Imagine a bed so smart that it knows whether or not you’re in it. Imagine a bed that can tell you if your heart rate is at a dangerous level or can alert you that your child has stopped breathing. It sounds impossible, but researchers in Melbourne are already making this innovative piece of technology a reality.
When the makers of Sleeptite developed a silicone-based fabric containing thousands of tiny sensors that could tell whether or not there was a person lying on top of it, they had Alzheimer’s patients in mind. They wanted to be able to detect how much pressure was being put on the fabric and alert staff that an elderly patient had either rolled out of bed accidentally or had gotten up in the middle of the night and wandered off, either of which could pose a serious safety risk for a senior with dementia.
But this fabric has some serious perks for people in other situations as well. Parents of children with autism who tend to wander off or engage in destructive behavior when unsupervised will be able to sleep easy knowing they’ll be alerted if their child gets out of bed. Parents of neurotypical children may want the extra reassurance of a piece of technology that monitors whether their children are in bed at night as well. This ingenious tool could even prevent kids from running away from home or being kidnapped.
The best part? Down the road, researchers believe they’ll be able to integrate heart rate and breathing monitors into the fabric, opening it up to a much wider array of uses. Preemie infants might not have to be hooked up to so many monitors in the hospital, or the fabric could provide the added comfort of continuing to monitor a baby’s vitals after he or she gets home from the hospital. Researchers believe the fabric would be an effective prevention method for SIDS as well.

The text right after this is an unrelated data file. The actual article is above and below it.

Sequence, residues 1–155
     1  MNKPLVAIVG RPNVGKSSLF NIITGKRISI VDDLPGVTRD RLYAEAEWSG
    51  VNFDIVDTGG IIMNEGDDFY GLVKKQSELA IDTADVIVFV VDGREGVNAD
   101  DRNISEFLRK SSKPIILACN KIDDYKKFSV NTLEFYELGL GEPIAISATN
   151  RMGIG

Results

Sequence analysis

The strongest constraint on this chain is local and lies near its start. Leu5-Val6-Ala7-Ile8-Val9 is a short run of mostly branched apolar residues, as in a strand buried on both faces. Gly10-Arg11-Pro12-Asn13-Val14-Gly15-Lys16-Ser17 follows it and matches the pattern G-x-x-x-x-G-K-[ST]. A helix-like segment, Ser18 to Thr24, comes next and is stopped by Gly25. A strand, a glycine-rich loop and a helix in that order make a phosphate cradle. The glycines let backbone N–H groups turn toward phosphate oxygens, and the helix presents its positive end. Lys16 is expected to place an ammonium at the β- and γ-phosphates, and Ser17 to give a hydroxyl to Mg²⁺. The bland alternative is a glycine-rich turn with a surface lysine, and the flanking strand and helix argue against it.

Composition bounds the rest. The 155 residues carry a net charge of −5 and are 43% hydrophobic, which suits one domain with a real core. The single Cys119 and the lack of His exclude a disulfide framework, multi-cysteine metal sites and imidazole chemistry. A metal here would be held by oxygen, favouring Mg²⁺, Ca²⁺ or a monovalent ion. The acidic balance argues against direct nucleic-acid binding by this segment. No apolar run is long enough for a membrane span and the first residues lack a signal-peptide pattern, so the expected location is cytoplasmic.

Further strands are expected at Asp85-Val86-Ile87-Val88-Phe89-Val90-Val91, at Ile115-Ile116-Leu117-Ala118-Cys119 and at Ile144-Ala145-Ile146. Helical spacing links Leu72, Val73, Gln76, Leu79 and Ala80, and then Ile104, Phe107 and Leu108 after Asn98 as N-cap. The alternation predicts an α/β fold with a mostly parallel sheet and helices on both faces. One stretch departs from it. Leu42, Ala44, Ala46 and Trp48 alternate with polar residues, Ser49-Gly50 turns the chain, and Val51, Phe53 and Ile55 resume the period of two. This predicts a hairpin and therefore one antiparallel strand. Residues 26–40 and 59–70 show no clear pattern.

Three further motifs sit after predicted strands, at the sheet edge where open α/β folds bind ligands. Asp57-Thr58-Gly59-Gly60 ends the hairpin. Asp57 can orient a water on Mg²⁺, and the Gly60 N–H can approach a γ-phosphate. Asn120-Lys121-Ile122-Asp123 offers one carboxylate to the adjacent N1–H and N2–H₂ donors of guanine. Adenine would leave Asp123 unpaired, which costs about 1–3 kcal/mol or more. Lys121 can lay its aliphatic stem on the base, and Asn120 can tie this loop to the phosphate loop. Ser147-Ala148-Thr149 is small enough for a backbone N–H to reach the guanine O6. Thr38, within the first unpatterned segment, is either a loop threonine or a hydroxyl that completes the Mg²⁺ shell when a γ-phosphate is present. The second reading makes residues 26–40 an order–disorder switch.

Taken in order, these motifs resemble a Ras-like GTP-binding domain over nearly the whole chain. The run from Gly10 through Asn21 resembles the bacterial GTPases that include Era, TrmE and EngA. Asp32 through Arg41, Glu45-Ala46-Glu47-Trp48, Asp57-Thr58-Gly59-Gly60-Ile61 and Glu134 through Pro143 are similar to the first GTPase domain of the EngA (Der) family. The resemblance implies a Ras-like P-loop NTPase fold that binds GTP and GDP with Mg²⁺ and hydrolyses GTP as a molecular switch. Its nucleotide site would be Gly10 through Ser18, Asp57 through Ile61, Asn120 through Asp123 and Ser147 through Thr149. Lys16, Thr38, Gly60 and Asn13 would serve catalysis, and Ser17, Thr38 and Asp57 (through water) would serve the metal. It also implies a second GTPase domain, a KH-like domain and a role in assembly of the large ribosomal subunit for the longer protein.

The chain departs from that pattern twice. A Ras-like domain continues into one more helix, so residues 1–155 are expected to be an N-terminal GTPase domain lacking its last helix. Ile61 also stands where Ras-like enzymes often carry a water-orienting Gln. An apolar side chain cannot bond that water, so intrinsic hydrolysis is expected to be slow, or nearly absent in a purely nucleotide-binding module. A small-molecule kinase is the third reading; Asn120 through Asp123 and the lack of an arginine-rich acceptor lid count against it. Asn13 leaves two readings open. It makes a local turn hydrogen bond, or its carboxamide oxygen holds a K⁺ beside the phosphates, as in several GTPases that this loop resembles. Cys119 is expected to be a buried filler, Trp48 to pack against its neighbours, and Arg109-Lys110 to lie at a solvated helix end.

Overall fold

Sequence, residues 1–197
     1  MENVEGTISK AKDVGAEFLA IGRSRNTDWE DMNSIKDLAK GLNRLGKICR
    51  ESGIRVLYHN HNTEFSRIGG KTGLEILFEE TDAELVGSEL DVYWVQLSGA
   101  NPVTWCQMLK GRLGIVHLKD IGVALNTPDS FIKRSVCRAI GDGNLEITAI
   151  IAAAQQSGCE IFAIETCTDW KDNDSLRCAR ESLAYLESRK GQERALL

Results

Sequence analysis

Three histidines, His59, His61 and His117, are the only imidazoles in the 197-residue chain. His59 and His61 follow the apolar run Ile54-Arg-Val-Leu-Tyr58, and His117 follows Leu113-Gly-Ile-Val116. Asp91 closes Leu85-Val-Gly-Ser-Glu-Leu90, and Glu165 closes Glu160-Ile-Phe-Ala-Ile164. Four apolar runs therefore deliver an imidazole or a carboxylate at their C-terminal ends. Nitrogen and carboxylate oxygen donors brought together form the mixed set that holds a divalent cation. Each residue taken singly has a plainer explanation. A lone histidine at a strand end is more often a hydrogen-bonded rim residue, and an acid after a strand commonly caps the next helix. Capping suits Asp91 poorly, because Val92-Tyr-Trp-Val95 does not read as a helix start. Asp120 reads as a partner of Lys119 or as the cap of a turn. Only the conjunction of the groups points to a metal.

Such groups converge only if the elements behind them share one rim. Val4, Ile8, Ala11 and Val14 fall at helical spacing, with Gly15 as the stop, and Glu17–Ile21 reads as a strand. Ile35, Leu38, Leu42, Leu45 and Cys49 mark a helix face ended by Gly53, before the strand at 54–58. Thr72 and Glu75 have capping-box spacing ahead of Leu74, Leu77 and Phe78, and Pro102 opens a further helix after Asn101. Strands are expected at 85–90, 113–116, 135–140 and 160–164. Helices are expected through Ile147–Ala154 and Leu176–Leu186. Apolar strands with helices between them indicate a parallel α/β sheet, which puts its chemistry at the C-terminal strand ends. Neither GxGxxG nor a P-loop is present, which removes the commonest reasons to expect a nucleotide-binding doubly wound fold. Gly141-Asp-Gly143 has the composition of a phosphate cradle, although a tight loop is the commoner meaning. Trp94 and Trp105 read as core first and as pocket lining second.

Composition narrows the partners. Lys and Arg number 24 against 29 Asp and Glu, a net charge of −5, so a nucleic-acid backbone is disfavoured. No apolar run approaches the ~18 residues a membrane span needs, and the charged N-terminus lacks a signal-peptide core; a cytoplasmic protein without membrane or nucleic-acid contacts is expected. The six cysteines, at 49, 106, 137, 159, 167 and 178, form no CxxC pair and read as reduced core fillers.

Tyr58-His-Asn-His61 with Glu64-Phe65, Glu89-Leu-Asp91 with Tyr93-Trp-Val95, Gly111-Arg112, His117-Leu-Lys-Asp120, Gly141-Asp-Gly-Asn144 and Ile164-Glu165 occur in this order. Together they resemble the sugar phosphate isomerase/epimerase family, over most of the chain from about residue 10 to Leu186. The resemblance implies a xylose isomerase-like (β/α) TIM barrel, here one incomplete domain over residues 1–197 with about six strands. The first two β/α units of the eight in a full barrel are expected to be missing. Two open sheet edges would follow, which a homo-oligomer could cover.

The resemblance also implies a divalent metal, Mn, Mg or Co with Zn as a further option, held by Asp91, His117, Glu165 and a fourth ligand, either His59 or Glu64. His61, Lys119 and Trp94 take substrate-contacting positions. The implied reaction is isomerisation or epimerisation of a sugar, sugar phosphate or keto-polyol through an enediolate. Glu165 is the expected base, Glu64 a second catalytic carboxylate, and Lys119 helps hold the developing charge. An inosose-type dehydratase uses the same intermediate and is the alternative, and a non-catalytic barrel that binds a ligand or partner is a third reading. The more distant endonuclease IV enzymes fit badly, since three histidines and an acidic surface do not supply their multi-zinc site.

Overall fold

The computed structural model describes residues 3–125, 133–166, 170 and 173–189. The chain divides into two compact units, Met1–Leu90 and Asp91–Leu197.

When the heart rate and breathing monitors get up and running, people with diabetes could be woken up during hyper- or hypoglycemic episodes so that they can take insulin or eat something sugary to get their blood sugar back under control. Others could use it to monitor their heart conditions, or it might even alert them to conditions they didn’t even know they had. The ideas are endless!
Nursing home and hospital staff will be able to monitor the vitals of patients without having to connect a bunch of wires to their skin, which could make sleep uncomfortable or impossible.
“For example, if you’ve got a carer with ten beds under their control,” says Cameron Van Den Dungen of Sleeptite, “we’ll be able to alert them to any potential issues in a certain room which means they can be most efficient with their time.”
$1.7 billion of government money has been invested in the product, confident that the technology’s benefits can reach far beyond the original goal of alerting nursing home staff when a patient falls out of bed. We have high hopes for Sleeptite and hope to see more from it in the near future!
Elizabeth Nelson is a wordsmith, an alumna of Aquinas College in Grand Rapids, a four-leaf-clover finder, and a grammar connoisseur. She has lived in west Michigan since age four but loves to travel to new (and old) places. In her free time, she. . . wait, what’s free time?